You should only do this once you are comfortable with using a guitar tuner.
Let’s start on the 5th fret of the low ‘E’ string as it is usually the starting point. If you play that note it is the ‘A’ note, which also happens to be the note of the next string which is also ‘A’.
Assuming your low ‘E’ string is in tune, you can put your finger on the 5th fret and hit the low ‘E’ string and the ‘A’ string individually (make sure both strings are ringing). Once you have done this then start turning the ‘A’ string machine head either clockwise or anti-clockwise depending on how your string sounds in the moment. If you are unsure you can always refer back to your guitar tuner.
Repeat this same process for every other string on the guitar EXCEPT for the ‘G’ string. With the ‘G’ string you need to put your finger on the 4th fret. The reason is that the guitar is tuned in such a way that if you want to get the "Standard tuning" you need to put your finger on the 4th fret.
There are many different types of guitar tunings such as Drop D, standard D, eb tuning, DADGAD tuning and much more. As a beginner guitar player, it’s recommended that you just focus on standard tuning. You can play songs in other tunings if you like but get yourself used to one tuning first.
One trick that you can do when playing songs or learning songs is to find a “Standard tuning” version of them on YouTube so you don’t have the hassle of tuning your guitar then retuning.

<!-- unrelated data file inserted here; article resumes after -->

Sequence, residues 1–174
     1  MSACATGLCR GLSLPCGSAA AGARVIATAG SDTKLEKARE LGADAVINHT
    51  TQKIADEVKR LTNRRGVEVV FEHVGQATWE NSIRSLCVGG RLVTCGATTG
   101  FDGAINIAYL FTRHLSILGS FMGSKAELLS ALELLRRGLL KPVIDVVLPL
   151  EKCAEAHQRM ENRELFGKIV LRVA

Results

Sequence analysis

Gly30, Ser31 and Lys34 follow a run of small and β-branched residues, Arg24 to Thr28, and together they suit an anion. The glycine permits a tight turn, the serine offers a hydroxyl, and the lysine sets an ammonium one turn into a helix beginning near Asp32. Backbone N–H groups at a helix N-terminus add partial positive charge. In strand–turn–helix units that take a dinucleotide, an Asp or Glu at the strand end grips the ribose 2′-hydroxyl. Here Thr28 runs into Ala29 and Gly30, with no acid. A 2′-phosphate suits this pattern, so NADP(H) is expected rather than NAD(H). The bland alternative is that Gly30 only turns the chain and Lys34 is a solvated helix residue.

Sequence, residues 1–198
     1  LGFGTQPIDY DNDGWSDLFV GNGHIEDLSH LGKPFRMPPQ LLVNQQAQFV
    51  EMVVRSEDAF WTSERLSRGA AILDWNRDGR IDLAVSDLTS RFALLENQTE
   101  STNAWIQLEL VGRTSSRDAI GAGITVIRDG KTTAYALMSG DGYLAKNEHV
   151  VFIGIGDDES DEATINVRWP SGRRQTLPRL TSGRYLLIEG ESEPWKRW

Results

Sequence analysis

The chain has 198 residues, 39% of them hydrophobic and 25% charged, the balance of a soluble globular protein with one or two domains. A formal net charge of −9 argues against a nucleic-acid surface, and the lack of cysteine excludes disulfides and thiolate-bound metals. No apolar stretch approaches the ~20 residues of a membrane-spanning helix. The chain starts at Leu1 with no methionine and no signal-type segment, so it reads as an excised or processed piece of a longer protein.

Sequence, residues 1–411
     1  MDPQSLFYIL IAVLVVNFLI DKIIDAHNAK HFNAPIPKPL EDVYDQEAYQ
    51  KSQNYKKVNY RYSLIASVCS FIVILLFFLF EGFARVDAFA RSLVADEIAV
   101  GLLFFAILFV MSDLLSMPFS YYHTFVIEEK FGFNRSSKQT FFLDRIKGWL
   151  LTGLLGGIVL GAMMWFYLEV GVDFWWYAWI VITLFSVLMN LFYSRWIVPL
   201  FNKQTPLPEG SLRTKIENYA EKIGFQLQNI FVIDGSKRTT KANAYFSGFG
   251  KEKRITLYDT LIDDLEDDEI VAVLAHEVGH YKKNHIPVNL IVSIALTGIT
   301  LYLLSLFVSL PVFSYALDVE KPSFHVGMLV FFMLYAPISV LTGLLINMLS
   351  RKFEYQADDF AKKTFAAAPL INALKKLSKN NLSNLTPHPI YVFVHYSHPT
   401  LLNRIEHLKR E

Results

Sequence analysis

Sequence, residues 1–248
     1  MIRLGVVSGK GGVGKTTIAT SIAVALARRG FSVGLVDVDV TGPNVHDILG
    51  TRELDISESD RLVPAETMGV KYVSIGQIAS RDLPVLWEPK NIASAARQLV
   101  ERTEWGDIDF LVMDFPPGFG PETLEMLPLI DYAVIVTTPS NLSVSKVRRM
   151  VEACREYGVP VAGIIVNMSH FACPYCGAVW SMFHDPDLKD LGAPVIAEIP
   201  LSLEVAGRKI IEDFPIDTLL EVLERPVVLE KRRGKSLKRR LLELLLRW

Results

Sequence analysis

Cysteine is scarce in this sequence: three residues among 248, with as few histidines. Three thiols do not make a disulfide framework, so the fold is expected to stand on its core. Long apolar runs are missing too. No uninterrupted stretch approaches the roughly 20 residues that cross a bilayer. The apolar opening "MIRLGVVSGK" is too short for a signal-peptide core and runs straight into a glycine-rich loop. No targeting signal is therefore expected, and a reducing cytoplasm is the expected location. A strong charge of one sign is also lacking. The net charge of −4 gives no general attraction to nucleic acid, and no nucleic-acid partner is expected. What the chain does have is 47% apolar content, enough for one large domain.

ANOTHER BONUS TIP! If you want to get the drop D tuning, for example, all you need to do is tune the low ‘E’ string down to a ‘D’ note. This type of tuning is popular for when wanting to play heavy guitar riffs.
BONUS LAZY TIP!
When you play the guitar, you will find that it may be slightly out of tune a lot of the time. You will find a lot of the time that the notes are too sharp, and there is a quick and easy way to fix this without having to even touch your machine heads.
Simply bend your strings hard! When you bend your guitar string it loosens them making it an awesome solution to getting your guitar back in tune. You might hear a creaking sound from bending it hard this is completely fine as will not cause any harm to your guitar.
The Final Method to Tuning Your Guitar – Using Harmonics
Instead of tuning your guitar by the 5th fret of each string, use the harmonic on the 5th fret. This much more accurate than doing it by the 5th fret. The same principle applies, just put your finger lightly over the 5th fret of the ‘E’ and ‘A’ string in this example, and tune the guitar accordingly.
Remember to not place your finger on the middle of the fret but place it on the metal fret itself so it can create a harmonic effect. If you are not sure what I mean check out this illustration.
You will hear the sound fluctuating a lot. Keep tuning the string up or down until it goes perfectly in tune. The great thing with harmonics is that it rings out for a long time giving you more time to tune your guitar.
Hopefully this guide on “how to tune a guitar for beginners” was helpful and has helped your ear to become more accurate as a result. Remember to keep on tuning with your tuner as much as possible!